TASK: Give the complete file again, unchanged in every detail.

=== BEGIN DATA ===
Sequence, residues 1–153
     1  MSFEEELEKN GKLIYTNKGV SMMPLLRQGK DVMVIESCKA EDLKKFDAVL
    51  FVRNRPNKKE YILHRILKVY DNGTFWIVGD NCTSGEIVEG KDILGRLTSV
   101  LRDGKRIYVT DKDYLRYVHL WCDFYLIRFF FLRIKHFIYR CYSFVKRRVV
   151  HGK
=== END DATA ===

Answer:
Sequence, residues 1–153
     1  MSFEEELEKN GKLIYTNKGV SMMPLLRQGK DVMVIESCKA EDLKKFDAVL
    51  FVRNRPNKKE YILHRILKVY DNGTFWIVGD NCTSGEIVEG KDILGRLTSV
   101  LRDGKRIYVT DKDYLRYVHL WCDFYLIRFF FLRIKHFIYR CYSFVKRRVV
   151  HGK